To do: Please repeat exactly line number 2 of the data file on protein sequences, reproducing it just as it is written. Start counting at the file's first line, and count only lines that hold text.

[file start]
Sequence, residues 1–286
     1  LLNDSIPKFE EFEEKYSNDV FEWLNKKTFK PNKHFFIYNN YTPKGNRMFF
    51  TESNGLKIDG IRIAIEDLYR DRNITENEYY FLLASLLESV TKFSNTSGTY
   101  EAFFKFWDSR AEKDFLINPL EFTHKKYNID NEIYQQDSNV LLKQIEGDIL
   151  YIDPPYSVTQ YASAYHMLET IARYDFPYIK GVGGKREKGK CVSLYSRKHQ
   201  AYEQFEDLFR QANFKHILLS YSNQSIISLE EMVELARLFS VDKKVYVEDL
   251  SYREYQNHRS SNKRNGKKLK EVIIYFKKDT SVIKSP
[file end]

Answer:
     1  LLNDSIPKFE EFEEKYSNDV FEWLNKKTFK PNKHFFIYNN YTPKGNRMFF